DCHS student perseveres through diagnosis


Elijah Hudson and Elyse Perry

There he lies, a port in his chest, medicine pumping into his body through a tube. The medicine enters a vein in his heart which then circulates it throughout his body. The toxic drugs have a sickening smell and a nauseating taste, something he has to sit through for two hours. This process is the new normal for DCHS sophomore Alex Milburg, who travels to Riley Children’s Hospital every two weeks for chemotherapy. 

Last fall, Alex was helping his aunt move out of her house. When he attempted to pick up heavy objects, however, something didn’t feel right. Alex carried on as if nothing had happened. The following Wednesday he had a routine sports physical scheduled in order to be eligible to play basketball in the winter. During the examination, the doctors were concerned with what they saw. They referred him to Indiana University Health Arnett for further evaluation, which in turn, sent him to Riley that same night. There, a CT scan was taken, revealing what Alex could not see: a large tumor consuming the entire right side of his torso.

Alex was diagnosed with Ewing sarcoma. Ewing sarcoma is an extremely rare type of cancer that affects bones; less than 1,000 people are diagnosed with it in the United States each year. It is most often found as a tumor on the ribs, legs, and spine. Not only was the tumor ever present, but it had pushed his heart to the far left side of his body. Alex took in all the news, rather shocked; but a couple of days later, as he lay in his hospital bed, he broke down crying.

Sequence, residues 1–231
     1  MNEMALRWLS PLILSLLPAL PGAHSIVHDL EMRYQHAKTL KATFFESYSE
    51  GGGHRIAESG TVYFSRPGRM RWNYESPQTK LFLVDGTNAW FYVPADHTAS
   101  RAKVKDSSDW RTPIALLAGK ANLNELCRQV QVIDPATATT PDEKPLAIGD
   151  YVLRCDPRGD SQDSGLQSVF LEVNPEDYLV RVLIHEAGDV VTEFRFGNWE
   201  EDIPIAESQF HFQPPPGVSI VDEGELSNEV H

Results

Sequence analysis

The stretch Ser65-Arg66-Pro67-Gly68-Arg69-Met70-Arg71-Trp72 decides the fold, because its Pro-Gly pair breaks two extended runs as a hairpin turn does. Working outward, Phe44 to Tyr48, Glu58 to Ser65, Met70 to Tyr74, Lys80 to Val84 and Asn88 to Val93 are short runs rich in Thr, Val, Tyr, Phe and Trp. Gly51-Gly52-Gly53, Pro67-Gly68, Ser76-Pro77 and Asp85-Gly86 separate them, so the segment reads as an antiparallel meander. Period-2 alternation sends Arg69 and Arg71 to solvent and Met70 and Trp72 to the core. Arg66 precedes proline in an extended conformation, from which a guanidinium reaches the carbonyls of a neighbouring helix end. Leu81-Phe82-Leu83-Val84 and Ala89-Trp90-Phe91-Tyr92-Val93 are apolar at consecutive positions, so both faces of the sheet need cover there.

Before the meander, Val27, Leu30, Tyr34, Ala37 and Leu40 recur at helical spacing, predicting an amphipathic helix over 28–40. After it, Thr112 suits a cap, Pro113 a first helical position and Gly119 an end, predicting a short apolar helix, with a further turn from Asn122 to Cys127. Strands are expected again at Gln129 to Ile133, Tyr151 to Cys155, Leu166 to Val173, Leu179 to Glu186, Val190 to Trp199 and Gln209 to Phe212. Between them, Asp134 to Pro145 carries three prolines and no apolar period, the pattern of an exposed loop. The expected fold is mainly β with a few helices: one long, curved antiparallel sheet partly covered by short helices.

Since being diagnosed in October 2019, Alex often is short of breath, feels weak in his legs, and has low energy. However, to look at him and talk to him, you would never know. He is facing his situation with a positive attitude, and he is embracing some unique opportunities that he has had as a result. For instance, earlier this school year, he was able to attend a Purdue football practice and meet the team. He also was able to go to the IU vs Purdue football game,  and he received game-worn gloves from some of the players. Later this month, Alex is going to see a Jeff Dunham show. He has always loved Jeff Dunham, so his mom bought tickets for them to watch him perform live down in Indianapolis in a couple of weeks. Despite these distractions, though, the effects of the disease remain a constant struggle.

For Alex, the hardest thing about his diagnosis is not the cancer itself, but realizing that he may never be able to play football again, or join the military like he once dreamed of doing. Still, through all of this, Alex has remained emotionally strong, undeterred by his physical difficulties, and his outlook on life is inspiring. Alex isn’t letting Ewing sarcoma narrate his story, when it could have been easy to submit to it. “Appreciate every little thing,” Alex said, “especially family. Don’t sit around and worry about all the negative things, instead, focus on the positive.” 

If you would like to help Alex and his family with medical costs, please visit his GoFundMe page HERE.